The Behavioral Health Leadership Wave: Prepare with Open Access and Open Minds
A Tidal Wave Approaches
The behavioral health field, especially community based substance use disorder (SUD) treatment organizations, is facing an unusual wave of personnel changes at the highest levels as many CEOs and senior leaders of community based behavioral health organizations near retirement age.
This generation of leaders began their careers when nonprofit health and welfare positions were abundant and encouraged in the spirit of President Kennedy’s “Ask not what your country can do for you” speech. Many of them are founders of their organizations or have led the organization for a decade or more.
Through this period these leaders led both mental health and SUD treatment fields through significant transitions, including deinstitutionalization, the increased use of medications, the availability of health insurance for reimbursement, and operating in a health care-oriented research and science context. Change has come to these organizations, in the substance of what they do, and in their leadership.
More change will shape the tenure of the next generation of leadership. Preparing the organization to adapt to those changes, without their founder or another long-term leader at the helm, is fundamental to a successful transition.
SSTAR, Inc. (Fall River, Mass.), a community family, primary, specialty and behavioral health center, reflects all these forces and provides an exquisite example of how planning and predicting the transition can help an organization avoid the potential ill effects of this leadership transition wave.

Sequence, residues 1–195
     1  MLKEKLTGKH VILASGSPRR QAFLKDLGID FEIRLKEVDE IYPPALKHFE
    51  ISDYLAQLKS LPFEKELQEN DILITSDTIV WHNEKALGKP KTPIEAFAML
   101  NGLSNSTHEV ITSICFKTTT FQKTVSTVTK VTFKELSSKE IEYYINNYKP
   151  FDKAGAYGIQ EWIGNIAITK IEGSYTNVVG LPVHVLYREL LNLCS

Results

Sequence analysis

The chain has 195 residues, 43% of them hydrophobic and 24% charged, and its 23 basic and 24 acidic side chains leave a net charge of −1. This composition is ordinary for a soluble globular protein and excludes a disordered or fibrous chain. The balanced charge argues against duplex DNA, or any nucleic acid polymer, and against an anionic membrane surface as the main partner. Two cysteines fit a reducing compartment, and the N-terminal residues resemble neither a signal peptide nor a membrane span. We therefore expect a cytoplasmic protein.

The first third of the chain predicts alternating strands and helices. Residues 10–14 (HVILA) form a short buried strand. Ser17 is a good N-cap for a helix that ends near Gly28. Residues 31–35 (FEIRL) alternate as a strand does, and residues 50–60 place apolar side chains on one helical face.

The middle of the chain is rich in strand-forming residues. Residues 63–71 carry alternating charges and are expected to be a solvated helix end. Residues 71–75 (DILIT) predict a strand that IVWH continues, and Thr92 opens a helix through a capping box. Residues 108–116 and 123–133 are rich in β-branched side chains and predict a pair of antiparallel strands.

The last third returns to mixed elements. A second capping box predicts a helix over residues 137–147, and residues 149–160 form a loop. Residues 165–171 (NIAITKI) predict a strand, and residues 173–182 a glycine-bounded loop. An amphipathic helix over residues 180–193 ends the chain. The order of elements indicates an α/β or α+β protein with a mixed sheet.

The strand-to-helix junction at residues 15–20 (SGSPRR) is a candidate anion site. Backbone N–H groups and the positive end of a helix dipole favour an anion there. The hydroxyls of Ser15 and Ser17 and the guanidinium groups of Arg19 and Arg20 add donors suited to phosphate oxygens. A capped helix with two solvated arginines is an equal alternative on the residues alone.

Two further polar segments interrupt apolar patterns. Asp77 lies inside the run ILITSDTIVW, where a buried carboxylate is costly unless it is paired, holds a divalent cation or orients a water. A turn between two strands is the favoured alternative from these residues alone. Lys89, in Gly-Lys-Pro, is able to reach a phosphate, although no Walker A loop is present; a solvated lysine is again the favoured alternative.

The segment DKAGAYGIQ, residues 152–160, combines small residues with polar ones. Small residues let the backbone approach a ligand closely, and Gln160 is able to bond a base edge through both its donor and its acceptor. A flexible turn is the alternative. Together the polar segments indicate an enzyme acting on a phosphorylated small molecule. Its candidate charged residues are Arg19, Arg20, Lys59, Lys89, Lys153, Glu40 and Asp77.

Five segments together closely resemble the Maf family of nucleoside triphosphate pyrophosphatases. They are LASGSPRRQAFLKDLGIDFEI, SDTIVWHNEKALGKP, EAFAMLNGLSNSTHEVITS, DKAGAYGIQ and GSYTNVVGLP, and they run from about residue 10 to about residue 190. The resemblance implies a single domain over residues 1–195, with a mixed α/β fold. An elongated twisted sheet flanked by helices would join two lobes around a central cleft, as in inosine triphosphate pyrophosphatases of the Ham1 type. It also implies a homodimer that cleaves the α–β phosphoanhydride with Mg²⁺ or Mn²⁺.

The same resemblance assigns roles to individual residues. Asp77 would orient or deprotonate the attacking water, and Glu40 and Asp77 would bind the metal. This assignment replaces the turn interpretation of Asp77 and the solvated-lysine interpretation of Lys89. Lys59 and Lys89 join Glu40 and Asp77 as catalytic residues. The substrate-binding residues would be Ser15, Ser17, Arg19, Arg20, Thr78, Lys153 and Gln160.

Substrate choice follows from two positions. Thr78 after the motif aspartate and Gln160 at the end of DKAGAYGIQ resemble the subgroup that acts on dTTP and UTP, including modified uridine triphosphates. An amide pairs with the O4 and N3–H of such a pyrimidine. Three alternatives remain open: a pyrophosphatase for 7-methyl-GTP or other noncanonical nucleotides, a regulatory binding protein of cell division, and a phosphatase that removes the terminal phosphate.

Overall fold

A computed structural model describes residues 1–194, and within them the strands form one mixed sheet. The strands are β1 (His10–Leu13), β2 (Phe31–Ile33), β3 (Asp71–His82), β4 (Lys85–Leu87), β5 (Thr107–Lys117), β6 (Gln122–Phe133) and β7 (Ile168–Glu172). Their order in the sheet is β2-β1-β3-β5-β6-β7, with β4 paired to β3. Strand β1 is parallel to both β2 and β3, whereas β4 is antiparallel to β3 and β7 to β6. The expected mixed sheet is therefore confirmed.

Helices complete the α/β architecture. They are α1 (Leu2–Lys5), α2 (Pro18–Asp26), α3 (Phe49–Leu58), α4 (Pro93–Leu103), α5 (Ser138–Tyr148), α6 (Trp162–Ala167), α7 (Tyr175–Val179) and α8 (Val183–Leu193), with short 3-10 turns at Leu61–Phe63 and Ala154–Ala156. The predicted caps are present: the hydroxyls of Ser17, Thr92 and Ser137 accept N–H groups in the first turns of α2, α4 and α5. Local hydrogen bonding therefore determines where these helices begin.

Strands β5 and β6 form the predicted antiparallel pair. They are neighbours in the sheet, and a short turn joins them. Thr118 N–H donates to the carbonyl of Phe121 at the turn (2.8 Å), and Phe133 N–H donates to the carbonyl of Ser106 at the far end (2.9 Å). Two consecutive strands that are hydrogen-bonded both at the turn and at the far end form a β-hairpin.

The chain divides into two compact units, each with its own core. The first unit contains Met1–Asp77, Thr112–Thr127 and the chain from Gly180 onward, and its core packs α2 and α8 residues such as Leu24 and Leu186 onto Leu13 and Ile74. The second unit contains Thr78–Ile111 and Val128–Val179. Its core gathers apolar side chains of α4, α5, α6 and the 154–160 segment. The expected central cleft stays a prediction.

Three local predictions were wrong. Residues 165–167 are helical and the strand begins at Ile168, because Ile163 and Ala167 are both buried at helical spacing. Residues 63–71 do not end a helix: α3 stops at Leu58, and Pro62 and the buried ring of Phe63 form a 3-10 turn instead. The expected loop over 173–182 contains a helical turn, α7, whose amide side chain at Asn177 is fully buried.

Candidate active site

Nancy Paull has worked at SSTAR since the 1970s, when it was the Center for Alcohol problems; she’s been CEO since 1985. Paull’s commitment to the patient and her passion for innovation and science led to the addition of women’s services, mental health services, an integrated family health center (FQCHC), full range of medication-based care, mental health, and a continuum of SUD prevention, treatment and recovery support services.
Among other features, SSTAR is known for its open access programs. An early adopter of NIATx model quality improvement, SSTAR removed traditional appointment barriers by instituting a same-day, open access clinic that provided assessment, short-term treatment and placement. Under Paull’s leadership, the organization kept pace with changing circumstances. But with more change coming, it was important to have a new CEO in place who could continue the innovative approach to SSTAR’s work.
Open access, a practice that has been key for patient success, was also key to SSTAR’s leadership transition. Total transparency and on-time response and information flow were key: for the board and search committee engagement; for staff stability and confidence; and for candidate recruiting, review, vetting and selection. The transition to new leadership was successful because the board of directors’ readiness and leadership, staff engagement and trust, and the dedication and grace of the outgoing CEO.
Preparing for a new generation of leadership
This board had great trust in Paull, and granted her considerable leeway. Anticipating her retirement, and with her active support, the board resolved to make itself stronger and more knowledgeable about the organization, to hire and supervise a new CEO more effectively. The board recruited new members and Search Committee members with experience and sophistication in finance, human resources, governance, policy making, equity and diversity, community relations and health care administration. These individuals respected each other; they represented a diversity of views and experiences; they welcomed give-and-take and rigorous analysis, and they agreed on the need for a deeper understanding of the organization. The sum of these parts was clearly a greater whole.